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Abstract Detail

Recent Topics Posters

Hermsen, Elizabeth J. [1].

The Historical Biogeography of Itea—an eastern North American-eastern Asian-eastern African disjunct taxon—Based on its Fossil Record.

Itea has traditionally been considered a northern hemisphere Tertiary relict with a classic eastern North American-eastern Asian disjunct distribution. Recent expansion of the generic limits of Itea to include the eastern African species Itea (formerly Choristylis) rhamnoides has modified this perception and rendered the disjunct range of Itea more unique. In this poster, I will explore the development of the current range of Itea from the perspective of its fossil record using a comprehensive compilation of over 100 fossil occurrences attributed to Itea from Europe, North America, and Asia. I have sorted the occurrences into discrete age intervals and plotted them using published locality information as a guide. The compilation and plotting reveal that Itea has a fossil record spanning the early Eocene-early Miocene in western North America, early Miocene-recent in eastern North America, late Eocene-Pliocene in Europe and adjacent Asia Minor, and only one (early Miocene) occurrence in eastern Asia. These results suggest that the most logical route of Itea to Africa would have been from Europe. The precise relationships among populations that inhabit or once inhabited western North America, eastern North America, eastern Asia, and Europe are obscure. Itea is first documented in western North America in the early Eocene (ca. 49.4-52 Ma), with the next occurrences in northern Europe over 10 million years later. Given the robust temporal and geographic density of occurrences (and sampling) in Europe, the arrival of Itea over the North American Land Bridge from North America is likely. Occurrences of Itea pollen in Alaska also suggest that the genus crossed the Bering Land Bridge. A literal interpretation of these data suggests that the genus spread from western North America to eastern Asia, but the poor record in these regions makes this conclusion unreliable. Additional sampling of sediments in Asia and North America and a robust infrageneric phylogeny of the extant species are needed to better understand how Itea has achieved its current distribution.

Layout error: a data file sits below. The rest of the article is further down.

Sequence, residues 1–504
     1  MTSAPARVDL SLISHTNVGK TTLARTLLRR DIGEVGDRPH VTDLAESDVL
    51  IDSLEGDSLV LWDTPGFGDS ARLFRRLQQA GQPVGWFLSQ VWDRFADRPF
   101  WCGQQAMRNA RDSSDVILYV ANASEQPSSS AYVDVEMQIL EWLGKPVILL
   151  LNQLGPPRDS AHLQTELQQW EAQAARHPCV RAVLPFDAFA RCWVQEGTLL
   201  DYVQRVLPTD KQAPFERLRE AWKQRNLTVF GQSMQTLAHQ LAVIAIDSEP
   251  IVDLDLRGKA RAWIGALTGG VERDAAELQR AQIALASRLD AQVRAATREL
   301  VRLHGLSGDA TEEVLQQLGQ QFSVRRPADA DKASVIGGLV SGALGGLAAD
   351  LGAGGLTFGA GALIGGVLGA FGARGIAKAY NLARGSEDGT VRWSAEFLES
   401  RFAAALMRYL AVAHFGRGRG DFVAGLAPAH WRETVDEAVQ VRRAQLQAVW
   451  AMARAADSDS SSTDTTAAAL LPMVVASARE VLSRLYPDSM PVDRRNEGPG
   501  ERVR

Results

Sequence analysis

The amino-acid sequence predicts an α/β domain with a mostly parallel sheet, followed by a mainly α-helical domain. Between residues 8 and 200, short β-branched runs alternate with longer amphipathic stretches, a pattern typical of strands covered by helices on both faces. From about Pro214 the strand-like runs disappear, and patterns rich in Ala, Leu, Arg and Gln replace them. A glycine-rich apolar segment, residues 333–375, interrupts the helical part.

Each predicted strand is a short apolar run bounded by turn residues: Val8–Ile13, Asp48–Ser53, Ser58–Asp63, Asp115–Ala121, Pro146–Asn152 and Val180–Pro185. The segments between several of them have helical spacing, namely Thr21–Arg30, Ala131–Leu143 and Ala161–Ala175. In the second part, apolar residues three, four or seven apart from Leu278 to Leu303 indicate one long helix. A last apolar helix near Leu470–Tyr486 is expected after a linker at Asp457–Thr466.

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1 - Cornell University, Department of Plant Biology, 412 Mann Library Building, Ithaca, New York, 14853-5908, USA


Presentation Type: Recent Topics Poster
Session: P
Location: Hall A/Convention Center
Date: Monday, August 2nd, 2010
Time: 5:30 PM
Number: PRT018
Abstract ID:1121

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